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FBI moved counterterrorism data to AWS after Las Vegas massacre

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The FBI moved its Counterterrorism Division data to Amazon Web Services (AWS) following the Las Vegas massacre in 2017, according to Deputy Assistant Director Christine Halvorsen.

Speaking at AWS re:Invent 2018 in Las Vegas this week, Halvorsen explained that the FBI moved its counterterrorism data to the cloud on AWS after the deadly shooting, which “resulted in a 98 percent reduction in manual work for analysts and 70 percent cost reductions,” fedscoop reported on Wednesday.

“It would’ve taken us a day using Amazon Rekognition to recognize where he was in the videos”

Fbi aws
Christine Halvorsen

“We had agents and analysts, eight per shift, working 24/7 for three weeks going through the video footage of everywhere Stephen Paddock was the month leading up to him coming and doing the shooting,” said Halvorsen, who today was named “Person of the Year” by Homeland Security Today.

“If we had loaded that up into the cloud, the estimate is it would’ve taken us a day using Amazon Rekognition to recognize where he was in the videos. That’s all we were trying to do: narrow down where in the videos he was and who he was meeting with to make sure there wasn’t anybody else part of the conspiracy,” she added.

Last month Amazon came under fire from its own employees for selling facial recognition software “Rekognition” to law enforcement as it is being used by police departments and Immigration and Customs Enforcement (ICE) without ethical oversight.

Read More: ‘450 Amazon employees tell Bezos to kick Palantir off AWS’

“A couple weeks ago, my co-workers delivered a letter to this effect, signed by over 450 employees, to Jeff Bezos and other executives. The letter also contained demands to kick Palantir, the software firm that powers much of ICE’s deportation and tracking program, off Amazon Web Services and to institute employee oversight for ethical decisions,” an anonymous Amazon employee verified by Medium’s editorial staff wrote last month.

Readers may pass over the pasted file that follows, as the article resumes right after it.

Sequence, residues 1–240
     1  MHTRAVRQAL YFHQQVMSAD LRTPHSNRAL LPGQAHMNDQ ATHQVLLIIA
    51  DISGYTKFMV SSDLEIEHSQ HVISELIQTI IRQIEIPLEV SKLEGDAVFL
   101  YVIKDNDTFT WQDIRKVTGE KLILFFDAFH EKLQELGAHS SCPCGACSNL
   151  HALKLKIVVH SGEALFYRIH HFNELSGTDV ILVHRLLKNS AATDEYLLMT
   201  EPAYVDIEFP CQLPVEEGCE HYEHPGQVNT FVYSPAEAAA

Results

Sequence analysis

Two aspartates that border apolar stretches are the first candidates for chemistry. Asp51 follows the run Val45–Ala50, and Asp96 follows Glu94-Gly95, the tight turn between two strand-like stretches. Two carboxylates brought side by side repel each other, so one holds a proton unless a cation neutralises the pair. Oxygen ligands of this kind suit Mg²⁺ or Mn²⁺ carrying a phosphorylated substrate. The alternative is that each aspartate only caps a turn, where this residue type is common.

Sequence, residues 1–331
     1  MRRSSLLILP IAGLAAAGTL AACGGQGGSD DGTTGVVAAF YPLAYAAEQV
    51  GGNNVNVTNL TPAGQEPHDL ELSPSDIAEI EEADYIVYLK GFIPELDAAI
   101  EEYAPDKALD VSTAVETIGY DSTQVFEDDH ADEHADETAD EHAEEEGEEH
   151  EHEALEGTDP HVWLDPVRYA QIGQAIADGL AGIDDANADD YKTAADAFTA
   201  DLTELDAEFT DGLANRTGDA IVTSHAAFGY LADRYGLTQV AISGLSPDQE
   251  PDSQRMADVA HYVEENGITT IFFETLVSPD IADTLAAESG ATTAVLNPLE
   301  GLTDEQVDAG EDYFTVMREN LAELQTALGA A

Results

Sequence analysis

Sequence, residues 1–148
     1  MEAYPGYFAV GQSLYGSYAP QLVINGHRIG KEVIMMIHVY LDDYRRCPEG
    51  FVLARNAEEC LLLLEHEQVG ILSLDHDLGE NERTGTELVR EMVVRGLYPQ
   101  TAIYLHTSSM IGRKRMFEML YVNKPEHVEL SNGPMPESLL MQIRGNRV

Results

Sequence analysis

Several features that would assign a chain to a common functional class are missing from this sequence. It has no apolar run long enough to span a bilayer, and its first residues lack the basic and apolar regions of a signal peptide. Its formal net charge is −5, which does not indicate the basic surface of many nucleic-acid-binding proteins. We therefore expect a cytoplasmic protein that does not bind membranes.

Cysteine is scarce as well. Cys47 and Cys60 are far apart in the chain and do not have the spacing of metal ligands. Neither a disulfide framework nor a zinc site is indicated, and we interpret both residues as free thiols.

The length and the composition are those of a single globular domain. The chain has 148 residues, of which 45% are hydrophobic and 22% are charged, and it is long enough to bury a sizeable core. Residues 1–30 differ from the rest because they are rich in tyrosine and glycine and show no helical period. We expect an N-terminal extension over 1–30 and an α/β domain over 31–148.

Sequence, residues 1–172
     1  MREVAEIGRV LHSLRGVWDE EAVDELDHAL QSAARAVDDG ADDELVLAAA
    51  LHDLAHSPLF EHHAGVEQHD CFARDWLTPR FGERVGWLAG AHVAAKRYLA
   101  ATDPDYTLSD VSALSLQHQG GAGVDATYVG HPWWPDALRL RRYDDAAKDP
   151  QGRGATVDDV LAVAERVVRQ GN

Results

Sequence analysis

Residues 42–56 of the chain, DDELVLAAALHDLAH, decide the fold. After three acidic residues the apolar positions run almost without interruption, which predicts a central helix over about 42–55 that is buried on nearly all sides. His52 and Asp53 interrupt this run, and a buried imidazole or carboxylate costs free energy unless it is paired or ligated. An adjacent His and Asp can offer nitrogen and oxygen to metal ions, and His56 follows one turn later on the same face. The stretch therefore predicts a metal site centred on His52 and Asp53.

The American Civil Liberties Union (ACLU) then filed a Freedom of Information Act (FOIA) request demanding that the Department of Homeland Security (DHS) disclose how it and ICE use Amazon facial recognition software Rekognition for law and immigration enforcement.

Read More: ACLU files FOIA request demanding DHS, ICE reveal how they use Amazon Rekognition

The ACLU filed a FOIA request demanding the DHS disclose to the public if and how the agency is using or plans to use facial recognition technology, such as Amazon’s Rekognition.

However, the US Intelligence Community (IC), including the CIA, FBI, NSA, and others cannot keep up with the amount of Freedom of Information Act (FOIA) requests due to a lack of organization and inadequate tech.

Read More: Intelligence community can’t keep up with FOIA requests: IG report

“The IC is not making use of all available technology to support FOIA programs, and there is no consolidated IC-wide approach to technology application,” reads a report by the Intelligence Community Inspector General.

Amazon’s Rekognition Software Performance Flaws

study by the ACLU found that Rekognition incorrectly matched 28 members of Congress, identifying them as other people who have been arrested for a crime.

The members of Congress who were falsely matched with the mugshot database used in the test included Republicans and Democrats, men and women, and legislators of all ages, from all across the country.

Nearly 40% of Rekognition’s false matches in the test were of people of color, even though they made up only 20% of Congress.

This same software is being used by immigration authorites and police to identify “undesirables.”

Read More: Amazon, Palantir are aiding mass deportations of govt ‘undesirables’: report

“A handful of huge corporations, like Amazon Web Services and Palantir, have built a ‘revolving door’ to develop and entrench Silicon Valley’s role in fueling the incarceration and deportation regime,” reads a report released last month by Mijente, the National Immigration Project, and the Immigrant Defense Project.

Read More: United Airlines partners with scandal-ridden, CIA-backed Palantir for data initiatives

“Unchecked, these tech companies will continue to do the government’s bidding in developing the systems that target and punish en masse those it deems ‘undesirable’ — immigrants, people of color, the incarcerated and formerly incarcerated, activists, and others,” according to the report titled “Who’s Behind ICE? The Tech and Data Companies Fueling Deportations.”

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Tim Hinchliffe
Tim Hinchliffe is the editor of The Sociable. His passions include writing about how technology impacts society and the parallels between Artificial Intelligence and Mythology. Previously, he was a reporter for the Ghanaian Chronicle in West Africa and an editor at Colombia Reports in South America. tim@sociable.co